Italian media suggests Vatican lobbies pushed Pope to resign

The Vatican, Rome

Sensational claims about the 'inappropriate influence' of secretive lobbies within the Vatican have transfixed the Italian media all week.

With Italy still reeling from the news of Pope Benedict XVI’s resignation, disparate cabals within the Holy SEE are now being blamed by the media for at least being part of Pope Benedict XVI’s decision to resign.

Although these eye-popping claims grab the headlines, to date no paper has come forward to explain precisely how, when or where these lobbies, which are said to include a gay lobby, have influenced internal Holy See affairs or Benedict's resignation.

According to the Irish Times, the rightward leaning news magazine Panorama and the Rome newspaper La Repubblica have reported that pope was dismayed by an internal report into the so-called 'Vatileaks' scandal released on December 17th last year.

The report, originally commissioned by the pontiff and prepared by Cardinals Julian Herranz, Jozef Tomko and Salvatore De Giorgi, has apparently confirmed the popular image of a Holy See riven with rivalries and rampant careerism.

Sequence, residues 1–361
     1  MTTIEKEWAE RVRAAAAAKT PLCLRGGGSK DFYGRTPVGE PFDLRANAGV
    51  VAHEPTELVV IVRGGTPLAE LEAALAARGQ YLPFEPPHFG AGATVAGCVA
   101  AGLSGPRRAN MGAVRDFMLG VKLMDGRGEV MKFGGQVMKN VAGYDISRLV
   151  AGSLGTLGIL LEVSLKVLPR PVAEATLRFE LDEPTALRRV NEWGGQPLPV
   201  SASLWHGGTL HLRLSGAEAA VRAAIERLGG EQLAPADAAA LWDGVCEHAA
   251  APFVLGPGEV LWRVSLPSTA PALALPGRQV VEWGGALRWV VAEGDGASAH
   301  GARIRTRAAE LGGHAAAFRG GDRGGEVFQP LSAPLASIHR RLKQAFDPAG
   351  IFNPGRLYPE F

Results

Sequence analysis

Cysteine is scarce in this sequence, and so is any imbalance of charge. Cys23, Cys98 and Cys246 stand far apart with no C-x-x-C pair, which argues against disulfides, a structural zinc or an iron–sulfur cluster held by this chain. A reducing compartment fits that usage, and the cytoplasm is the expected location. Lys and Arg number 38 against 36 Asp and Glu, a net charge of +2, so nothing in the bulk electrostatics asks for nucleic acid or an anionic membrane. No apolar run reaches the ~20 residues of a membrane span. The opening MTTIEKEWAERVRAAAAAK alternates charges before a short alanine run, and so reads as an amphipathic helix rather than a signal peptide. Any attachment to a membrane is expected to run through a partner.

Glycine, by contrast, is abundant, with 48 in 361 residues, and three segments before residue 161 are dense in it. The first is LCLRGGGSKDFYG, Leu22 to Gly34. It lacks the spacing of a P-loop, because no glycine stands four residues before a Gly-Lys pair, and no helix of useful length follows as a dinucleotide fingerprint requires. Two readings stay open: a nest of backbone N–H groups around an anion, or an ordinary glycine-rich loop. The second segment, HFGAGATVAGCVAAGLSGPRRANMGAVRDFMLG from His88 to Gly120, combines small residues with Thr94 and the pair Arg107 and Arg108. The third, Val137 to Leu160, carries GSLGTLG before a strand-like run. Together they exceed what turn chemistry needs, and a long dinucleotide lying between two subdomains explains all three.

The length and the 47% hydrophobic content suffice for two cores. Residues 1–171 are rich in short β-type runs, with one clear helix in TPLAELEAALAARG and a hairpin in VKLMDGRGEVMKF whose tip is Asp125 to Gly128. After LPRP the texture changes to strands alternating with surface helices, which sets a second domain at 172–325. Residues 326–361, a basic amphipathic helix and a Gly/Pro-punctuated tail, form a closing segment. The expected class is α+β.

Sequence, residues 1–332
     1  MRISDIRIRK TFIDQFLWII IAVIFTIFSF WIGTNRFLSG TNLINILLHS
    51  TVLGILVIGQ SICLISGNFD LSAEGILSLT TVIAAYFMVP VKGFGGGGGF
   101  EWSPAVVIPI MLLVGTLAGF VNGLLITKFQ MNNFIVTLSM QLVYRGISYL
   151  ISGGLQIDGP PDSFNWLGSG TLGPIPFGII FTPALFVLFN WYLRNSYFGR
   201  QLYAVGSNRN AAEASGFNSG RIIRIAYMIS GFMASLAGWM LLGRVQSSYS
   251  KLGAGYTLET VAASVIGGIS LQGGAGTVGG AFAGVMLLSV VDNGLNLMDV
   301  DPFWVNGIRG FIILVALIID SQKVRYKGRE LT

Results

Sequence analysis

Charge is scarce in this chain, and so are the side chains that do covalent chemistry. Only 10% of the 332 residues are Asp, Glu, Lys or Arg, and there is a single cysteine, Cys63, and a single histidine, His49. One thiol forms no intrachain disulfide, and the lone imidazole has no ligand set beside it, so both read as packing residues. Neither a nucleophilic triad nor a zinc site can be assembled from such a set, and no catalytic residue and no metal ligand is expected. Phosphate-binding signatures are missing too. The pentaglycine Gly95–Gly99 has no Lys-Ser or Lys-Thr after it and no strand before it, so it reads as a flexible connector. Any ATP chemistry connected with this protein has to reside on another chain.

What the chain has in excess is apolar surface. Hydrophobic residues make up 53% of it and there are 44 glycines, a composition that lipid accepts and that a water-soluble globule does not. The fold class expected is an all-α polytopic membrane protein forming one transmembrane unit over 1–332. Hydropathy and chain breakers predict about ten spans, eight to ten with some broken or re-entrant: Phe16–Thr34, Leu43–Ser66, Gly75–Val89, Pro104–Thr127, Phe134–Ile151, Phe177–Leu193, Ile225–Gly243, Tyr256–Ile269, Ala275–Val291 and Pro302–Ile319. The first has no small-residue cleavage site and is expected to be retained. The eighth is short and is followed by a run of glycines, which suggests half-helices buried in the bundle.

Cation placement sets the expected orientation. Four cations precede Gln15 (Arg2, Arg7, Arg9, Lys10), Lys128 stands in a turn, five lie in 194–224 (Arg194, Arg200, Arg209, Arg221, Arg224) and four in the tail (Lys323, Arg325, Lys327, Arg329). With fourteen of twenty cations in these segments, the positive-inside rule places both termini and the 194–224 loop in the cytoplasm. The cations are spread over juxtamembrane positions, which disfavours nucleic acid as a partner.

The cardinals' report claims that various lobbies still unnamed within the Holy See are consistently breaking the sixth and seventh commandments, in particular 'thou shalt not steal' and 'thou shalt not commit adultery.'

The 'stealing' is reportedly related to improprieties within the Vatican Bank, IOR, and the sexual offences are allegedly related to the influence of an active gay lobby within the Vatican. But what effect, real or imagined, either lobby has had on the wider church has still not been clearly addressed in any report to date.

The cardinals' 300-page report, which paints a picture of a dysfunctional Holy See riven with financial, sexual and political improprieties, reportedly became the last straw for the pope, copper fastening his long-meditated intention to resign, according to the Italian press.

The Vatileaks scandal culminated with the arrest and conviction of the pope’s own butler, Paolo Gabriele, who was found guilty of having stolen confidential documents from the papal apartment last year.

La Repubblica also claims that the cardinals report speaks of the vague but inappropriate influence of various lobbies, some of them of a 'worldly nature,' reflecting an 'outside influence.'